The streets in Indianapolis will return to normal for the week beginning October 26. Some 50,000 FFA members and their advisors just left town. Their visit not only lifts the local economy, it boosts spirits of those who think there aren't any good kids left in the world anymore.
I helped judge the sales presentation contest, and sat across the table from six young students, one at a time, trying to sell me everything from a trip package for students (I was supposed to be an FFA advisor) to yarn for my craft shop. What they were really selling was themselves, and most of them were very polished.
Our contest coordinator said give them a 90 or higher out of 100 only if they're so good they should have your job. One young lady from Oregon was that good - I gave her a 92. Fortunately, my job isn't just sales. I don't know how well she writes, but based on her poise and presentation, she's probably pretty good with a keyboard and computer file.
Yes, we can't say pen and pencil anymore. Before you know it, kids will look at you funny if you say that - they won't know what you're talking about.
I bumped into various FFA members in blue jackets at the career show after I finished judging. I particularly sought out those from Indiana. They were polite, and were eager to learn new things. But they were also just kids. They're not adults yet - they're learning how to be adults, and that's part of what FFA is all about - putting kids in situations where they have to think for themselves and make wise choices, It may be in a contest, or it could be at the career show. Do I just hit all the stops where they're giving stuff away, or do I take time to talk to the guy about what a career in plant breeding might be like?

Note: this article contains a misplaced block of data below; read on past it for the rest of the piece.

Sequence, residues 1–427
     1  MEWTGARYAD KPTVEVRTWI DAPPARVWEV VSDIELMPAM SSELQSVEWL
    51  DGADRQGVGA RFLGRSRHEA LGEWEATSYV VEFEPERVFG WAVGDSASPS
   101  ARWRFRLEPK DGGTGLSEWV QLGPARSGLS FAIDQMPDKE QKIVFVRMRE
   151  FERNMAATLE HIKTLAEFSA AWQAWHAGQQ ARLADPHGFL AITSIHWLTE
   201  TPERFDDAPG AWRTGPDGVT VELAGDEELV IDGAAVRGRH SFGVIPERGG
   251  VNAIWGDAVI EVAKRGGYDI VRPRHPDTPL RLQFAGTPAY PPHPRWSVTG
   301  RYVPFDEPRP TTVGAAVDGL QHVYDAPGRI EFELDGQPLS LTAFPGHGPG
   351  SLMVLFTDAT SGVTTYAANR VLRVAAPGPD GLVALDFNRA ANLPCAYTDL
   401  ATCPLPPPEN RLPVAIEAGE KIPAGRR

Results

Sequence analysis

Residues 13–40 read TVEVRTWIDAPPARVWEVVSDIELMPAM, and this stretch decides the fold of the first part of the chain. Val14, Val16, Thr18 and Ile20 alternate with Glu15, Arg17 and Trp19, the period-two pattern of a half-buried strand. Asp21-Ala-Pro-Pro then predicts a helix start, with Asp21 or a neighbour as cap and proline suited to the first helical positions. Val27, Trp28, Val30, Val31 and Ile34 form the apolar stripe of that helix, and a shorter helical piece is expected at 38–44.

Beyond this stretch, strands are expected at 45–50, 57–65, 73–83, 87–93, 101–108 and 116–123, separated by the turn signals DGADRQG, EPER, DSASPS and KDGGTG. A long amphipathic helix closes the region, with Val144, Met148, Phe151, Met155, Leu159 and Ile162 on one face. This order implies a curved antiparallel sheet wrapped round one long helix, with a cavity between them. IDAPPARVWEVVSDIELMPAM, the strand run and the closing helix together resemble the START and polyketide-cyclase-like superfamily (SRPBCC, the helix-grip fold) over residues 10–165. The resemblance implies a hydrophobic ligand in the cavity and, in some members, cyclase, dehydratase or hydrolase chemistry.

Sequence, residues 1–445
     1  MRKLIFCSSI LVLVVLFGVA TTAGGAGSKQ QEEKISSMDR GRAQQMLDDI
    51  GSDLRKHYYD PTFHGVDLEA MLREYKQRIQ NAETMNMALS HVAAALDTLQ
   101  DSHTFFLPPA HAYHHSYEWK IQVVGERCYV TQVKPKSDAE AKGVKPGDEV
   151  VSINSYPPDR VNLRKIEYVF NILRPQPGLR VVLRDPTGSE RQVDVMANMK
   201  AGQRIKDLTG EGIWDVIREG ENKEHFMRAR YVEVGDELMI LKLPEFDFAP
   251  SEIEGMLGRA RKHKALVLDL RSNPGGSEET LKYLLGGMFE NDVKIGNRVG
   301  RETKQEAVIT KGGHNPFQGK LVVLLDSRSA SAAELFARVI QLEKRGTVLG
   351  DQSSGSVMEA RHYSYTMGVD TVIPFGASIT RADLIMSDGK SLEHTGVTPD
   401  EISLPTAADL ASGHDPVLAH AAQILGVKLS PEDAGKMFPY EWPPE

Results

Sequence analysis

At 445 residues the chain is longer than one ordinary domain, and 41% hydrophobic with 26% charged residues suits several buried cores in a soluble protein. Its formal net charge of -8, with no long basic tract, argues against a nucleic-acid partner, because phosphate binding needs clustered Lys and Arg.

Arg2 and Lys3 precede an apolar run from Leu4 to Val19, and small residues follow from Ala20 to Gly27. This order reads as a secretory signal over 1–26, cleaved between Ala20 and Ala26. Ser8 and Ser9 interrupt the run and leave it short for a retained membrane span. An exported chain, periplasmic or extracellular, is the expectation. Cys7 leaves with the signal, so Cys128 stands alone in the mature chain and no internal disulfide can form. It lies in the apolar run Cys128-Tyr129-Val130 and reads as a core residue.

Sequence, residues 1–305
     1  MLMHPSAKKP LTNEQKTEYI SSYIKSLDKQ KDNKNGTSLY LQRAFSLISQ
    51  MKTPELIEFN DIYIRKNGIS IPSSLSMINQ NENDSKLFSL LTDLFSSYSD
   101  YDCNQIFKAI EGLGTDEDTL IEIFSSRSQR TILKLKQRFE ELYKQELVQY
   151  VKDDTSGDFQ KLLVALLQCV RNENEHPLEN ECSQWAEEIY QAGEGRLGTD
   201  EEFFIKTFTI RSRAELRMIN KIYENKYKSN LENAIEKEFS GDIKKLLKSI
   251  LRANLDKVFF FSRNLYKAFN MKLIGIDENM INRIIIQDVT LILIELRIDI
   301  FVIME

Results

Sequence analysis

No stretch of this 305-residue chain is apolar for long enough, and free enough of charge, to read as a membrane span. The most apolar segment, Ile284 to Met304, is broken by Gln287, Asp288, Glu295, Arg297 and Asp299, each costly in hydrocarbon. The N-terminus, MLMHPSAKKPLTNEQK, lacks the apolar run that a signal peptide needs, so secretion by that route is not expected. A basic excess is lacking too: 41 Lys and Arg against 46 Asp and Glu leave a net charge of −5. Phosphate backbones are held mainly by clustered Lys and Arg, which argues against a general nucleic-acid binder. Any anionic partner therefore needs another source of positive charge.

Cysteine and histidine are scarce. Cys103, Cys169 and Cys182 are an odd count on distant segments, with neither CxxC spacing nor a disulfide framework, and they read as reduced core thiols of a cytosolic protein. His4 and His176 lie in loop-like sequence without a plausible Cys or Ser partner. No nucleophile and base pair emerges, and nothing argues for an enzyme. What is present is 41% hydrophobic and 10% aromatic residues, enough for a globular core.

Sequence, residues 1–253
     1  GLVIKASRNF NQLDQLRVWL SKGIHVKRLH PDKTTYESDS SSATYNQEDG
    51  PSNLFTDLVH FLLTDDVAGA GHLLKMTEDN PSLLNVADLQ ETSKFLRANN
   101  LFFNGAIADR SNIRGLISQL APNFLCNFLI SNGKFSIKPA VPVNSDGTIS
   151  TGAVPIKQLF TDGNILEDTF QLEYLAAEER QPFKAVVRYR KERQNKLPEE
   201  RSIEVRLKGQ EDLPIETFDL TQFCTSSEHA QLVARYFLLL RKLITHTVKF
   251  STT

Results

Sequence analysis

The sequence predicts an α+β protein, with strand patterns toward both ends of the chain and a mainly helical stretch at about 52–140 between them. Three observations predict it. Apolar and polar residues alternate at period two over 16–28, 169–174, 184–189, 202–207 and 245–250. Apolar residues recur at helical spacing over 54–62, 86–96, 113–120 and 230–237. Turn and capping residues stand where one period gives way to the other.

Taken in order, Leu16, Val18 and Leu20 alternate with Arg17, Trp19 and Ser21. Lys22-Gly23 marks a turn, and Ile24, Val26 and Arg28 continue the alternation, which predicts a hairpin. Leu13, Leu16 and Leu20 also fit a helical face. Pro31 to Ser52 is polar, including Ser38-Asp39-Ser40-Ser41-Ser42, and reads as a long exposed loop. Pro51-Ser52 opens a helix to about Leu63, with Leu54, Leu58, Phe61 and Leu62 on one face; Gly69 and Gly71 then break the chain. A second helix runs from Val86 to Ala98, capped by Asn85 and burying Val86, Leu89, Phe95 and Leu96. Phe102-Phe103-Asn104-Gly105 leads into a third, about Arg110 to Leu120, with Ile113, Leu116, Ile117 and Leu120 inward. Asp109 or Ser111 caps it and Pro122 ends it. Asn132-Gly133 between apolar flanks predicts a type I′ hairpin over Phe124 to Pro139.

There are also decisions to be made during the rest of the week outside of the convention hall and conference center. An advisor who brings a dozen students can't be expected to be with them every minute. Most use the buddy system, and often students from the same school hang together. But what they do is up to them. Will they be perfect gentlemen and ladies, like adults, Ha! Ha! 24/7. Probably not.
If you've followed the news you've probably guessed where this is going. A young man from Texas was tragically injured in what appears to be an accidental fall from the upper balcony in Circle Centre Mall in Indianapolis. There are conflicting reports about what led to the tragedy.
Our sincere thoughts and prayers go out to that young man's family and friends, including his chapter members and advisors. The convention is supposed to be about learning, with a little fun thrown in, and a chance to experience the big world outside of where you live. It's all a part of the growing up process - a hallmark of FFA. It's not supposed to be about ambulances, hospitals and tragedy.
Unfortunately, even FFA members in blue jackets aren't immune from tragedy. Sometimes kids don't make the best decisions. Sometimes adults don't either - I fell off a ladder yesterday. In retrospect, it probably didn't make sense to put it up against the house with one ladder leg in a hole dug by the dog. But I was certain it would lean in to the house, and I would be fine. I just needed to get close enough to paint the top window trim.
A split second later, I had a cut above my eye, only an inch or so off the eye itself, nearly a full gallon of paint splattered everywhere, including all over me and the house, and my pride hurting almost as bad as my head. I should have known better. But after all, isn't that how many accidents happen - we should know better, but we take a risk anyway?
If adults make mistakes, so will kids. Admire the blue jackets. They're going to be the leaders of agriculture tomorrow - no doubt about it. There's not a better youth development program ever devised anywhere in the world.
Just remember one thing - the person inside the jacket is still a kid learning how to grow up.
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